I would love to own a 1962 Ferrari GTO. Specially an actual race winning example of one, signs of wear very much not an issue. But I can’t afford 48 million dollars which is what they go for at auction. What I would NOT want is for Ferrari to make me a brand new one which looks exactly like the 1962 car and sell it to me for $800,000 over the price of a current production model. It’s not the same thing in any universe.
I think the car analogy is rather the same, do you not agree?

Again, my apologies if I came across to bluntly. I lack certain social graces at times. I only meant to express another side to it.


Apologies are unnecessary. And don’t get me wrong, I can understand why some folks don’t like relics. I remember some Fender Strats from several years ago that looked like they were dragged behind a truck. Unnatural wear patterns completely imho over the top. I quietly shook my head but hey some folks dig em.

For me it’s more about a broken in feel and an aged patina. Think of jeans. Some people may like new stiff deep Blueblack indigo denim. Other prefer their jeans broken in a bit, I’m not talking about torn to shreds. Just a bit softer.

The reason for my reply is that it seems without fail these threads deteriorate into a judgement call on relics which seems absurd to me because it’s all subjective. Like red vs blue guitars.

I’d love a 62 GTO too and if Ferrari would build an exact replica for $800k over the price of a new one it would be the deal of the century. But I wouldn’t hold my breath and I don’t think fake wear would be welcome. Gibson already builds a production 59 historic Les Paul which is available in a glossy, Vos and now aged finishes as well as a variety of sunburst colors. This finish choice is a far cry from a completely recreated Ferrari. If you want to use a car analogy then look at matte finishes. Imho these sometimes look like a coat of primer.

Btw, Great taste in cars but I’m a Porsche lover. Ferraris are too red and shiny for me. Lol
 

amorrow

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I like my cars shiny and guitars beat up!

Mhqxr61.jpg
 

Brek

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I like my cars shiny and guitars beat up!

Mhqxr61.jpg
Reminds me of a conversation i had with a chap at Chattanooga shooting supplies many years ago, before 9/11 it was quite amazing what i got sent through international post, now they can't even send a scope ffs, lol. Anyways i was telling him about my english best gun, grade 5 hand oiled walnut stock, best english blueing, fleur-de-lys engraving, custom made for me, and he replied, 'sounds a pretty gun, but i like women pretty and my guns ugly.' Seemed a fair point.
 

kingsxman

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Im pretty sure that is exactly what they are doing now. It takes too much time to hand cut those checking lines in by hand, with a razor.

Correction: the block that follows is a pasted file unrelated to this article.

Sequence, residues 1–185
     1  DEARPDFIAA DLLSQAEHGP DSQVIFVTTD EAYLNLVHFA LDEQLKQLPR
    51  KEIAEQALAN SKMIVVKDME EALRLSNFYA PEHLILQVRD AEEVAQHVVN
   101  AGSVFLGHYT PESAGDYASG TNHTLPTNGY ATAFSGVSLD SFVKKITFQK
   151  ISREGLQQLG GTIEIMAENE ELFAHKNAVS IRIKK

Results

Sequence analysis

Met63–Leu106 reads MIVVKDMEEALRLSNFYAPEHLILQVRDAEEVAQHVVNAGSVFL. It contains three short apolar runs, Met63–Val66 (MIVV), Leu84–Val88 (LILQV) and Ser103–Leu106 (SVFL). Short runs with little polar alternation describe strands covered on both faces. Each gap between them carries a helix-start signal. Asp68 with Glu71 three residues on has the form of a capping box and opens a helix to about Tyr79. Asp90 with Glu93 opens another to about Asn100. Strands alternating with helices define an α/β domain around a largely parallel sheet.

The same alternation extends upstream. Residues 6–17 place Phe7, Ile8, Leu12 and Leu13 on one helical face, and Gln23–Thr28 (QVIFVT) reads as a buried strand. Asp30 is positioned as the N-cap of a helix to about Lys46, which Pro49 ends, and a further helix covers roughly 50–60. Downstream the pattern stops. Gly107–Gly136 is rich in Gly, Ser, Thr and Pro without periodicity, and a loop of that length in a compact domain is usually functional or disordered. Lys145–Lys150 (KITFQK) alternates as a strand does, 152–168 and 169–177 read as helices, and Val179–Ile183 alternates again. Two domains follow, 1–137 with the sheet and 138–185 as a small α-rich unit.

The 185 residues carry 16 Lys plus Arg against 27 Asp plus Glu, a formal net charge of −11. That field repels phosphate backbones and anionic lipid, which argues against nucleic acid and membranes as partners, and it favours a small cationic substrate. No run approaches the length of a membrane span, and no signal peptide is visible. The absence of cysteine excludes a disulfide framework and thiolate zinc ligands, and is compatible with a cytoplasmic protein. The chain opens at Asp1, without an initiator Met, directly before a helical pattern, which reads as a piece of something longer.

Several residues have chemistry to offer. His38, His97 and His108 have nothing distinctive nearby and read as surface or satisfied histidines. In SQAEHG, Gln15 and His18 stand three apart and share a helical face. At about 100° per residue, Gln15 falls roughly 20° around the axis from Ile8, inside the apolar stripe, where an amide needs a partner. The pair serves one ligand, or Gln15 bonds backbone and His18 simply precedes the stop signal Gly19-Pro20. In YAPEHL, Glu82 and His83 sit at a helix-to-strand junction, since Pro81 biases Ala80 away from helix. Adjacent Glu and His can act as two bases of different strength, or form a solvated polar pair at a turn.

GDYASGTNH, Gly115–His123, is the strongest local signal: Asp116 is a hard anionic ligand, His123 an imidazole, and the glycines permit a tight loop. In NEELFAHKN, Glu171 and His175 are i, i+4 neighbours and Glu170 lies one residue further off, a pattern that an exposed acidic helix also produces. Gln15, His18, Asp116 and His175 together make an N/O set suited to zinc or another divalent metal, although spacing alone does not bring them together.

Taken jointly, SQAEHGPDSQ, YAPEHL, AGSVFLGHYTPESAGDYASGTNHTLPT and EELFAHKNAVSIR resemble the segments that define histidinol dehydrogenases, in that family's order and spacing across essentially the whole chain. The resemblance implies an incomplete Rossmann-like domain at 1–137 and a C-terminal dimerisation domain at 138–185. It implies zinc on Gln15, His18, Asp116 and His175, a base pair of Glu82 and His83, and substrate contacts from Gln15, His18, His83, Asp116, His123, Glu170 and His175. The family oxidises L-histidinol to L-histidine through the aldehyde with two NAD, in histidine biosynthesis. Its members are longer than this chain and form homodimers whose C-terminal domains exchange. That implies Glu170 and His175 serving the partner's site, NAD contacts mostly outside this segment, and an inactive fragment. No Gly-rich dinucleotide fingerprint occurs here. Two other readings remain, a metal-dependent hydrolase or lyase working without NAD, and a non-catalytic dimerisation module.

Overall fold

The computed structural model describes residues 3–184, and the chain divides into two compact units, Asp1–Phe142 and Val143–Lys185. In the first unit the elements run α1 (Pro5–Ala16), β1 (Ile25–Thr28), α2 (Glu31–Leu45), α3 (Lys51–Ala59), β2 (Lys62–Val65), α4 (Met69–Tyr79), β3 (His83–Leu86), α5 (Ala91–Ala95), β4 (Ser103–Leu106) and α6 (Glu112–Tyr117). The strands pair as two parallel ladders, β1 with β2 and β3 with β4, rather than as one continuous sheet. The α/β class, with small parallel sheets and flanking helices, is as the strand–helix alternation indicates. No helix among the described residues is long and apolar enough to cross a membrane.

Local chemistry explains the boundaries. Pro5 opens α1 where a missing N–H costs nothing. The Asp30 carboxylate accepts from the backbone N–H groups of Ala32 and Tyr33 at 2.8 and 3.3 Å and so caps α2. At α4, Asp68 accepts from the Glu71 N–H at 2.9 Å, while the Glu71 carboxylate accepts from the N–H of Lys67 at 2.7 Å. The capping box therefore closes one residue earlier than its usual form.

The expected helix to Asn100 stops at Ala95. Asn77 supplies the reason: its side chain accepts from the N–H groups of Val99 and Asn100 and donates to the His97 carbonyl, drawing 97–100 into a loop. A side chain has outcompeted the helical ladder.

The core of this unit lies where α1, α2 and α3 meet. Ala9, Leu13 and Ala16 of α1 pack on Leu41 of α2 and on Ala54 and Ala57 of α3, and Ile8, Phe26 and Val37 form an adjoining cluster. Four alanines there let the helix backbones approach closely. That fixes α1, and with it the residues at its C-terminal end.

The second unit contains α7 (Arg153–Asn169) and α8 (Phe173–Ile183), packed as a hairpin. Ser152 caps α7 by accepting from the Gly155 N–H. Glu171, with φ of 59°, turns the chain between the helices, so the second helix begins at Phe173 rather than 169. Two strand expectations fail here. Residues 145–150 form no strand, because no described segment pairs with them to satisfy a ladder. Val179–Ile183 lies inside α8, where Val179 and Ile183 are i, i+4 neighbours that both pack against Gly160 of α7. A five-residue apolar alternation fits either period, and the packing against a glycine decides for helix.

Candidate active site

This is what it looks like to me too. The checking looks a bit more natural and "imperfect" like the razor checking.

For what its worth...I think the aging on the OP's guitar looks fine.
 

Randy_Lahey

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I don’t own relics, but I can see the appeal. People buy replica old muscle cars. Granted, they are not relic’d, but my point is some people have an affinity for an antique without paying $250,000-500,000! Some people like the feel of a “worn in guitar “

I’m getting a VOS used. That’s my tolerance for ageism. But if I won the lottery, yeah I’d enjoy getting some relics if they were awesome examples
 

calieng

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I appreciate the heads up. I’ve already decided to keep the guitar. I like the top, the tone, rosewood board and the neck carve. If a few bits of nitro flake off so be it. I don’t really care much, it will probably get dinged as well. I remember my shiny new brazilian got a ding right on its top a few days after I bought it. It bothered me for all of an hour. Now it’s like a beauty mark.

I will say that a highly variegated or striped rosewood board on an LP or Strat is a non starter for me. I guess we all have our pet peeves


All the finish from the edge of the neck heel to the other side of the strap button is eventually going to come off. With brittle finish like that once it has started to lift off the wood it is game over. Moisture will get underneath. Just a matter of time.

Press down firmly on the finish with your finger and see if any cracks and comes loose already.

Screen Shot 2021-06-12 at 8.45.36 AM.png
 

zdoggie

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absolutely not into the ML hype I'm old school let it age naturally if you want an antique looking guitar by all means go buy it.

zdog
 

calieng

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absolutely not into the ML hype I'm old school let it age naturally if you want an antique looking guitar by all means go buy it.

zdog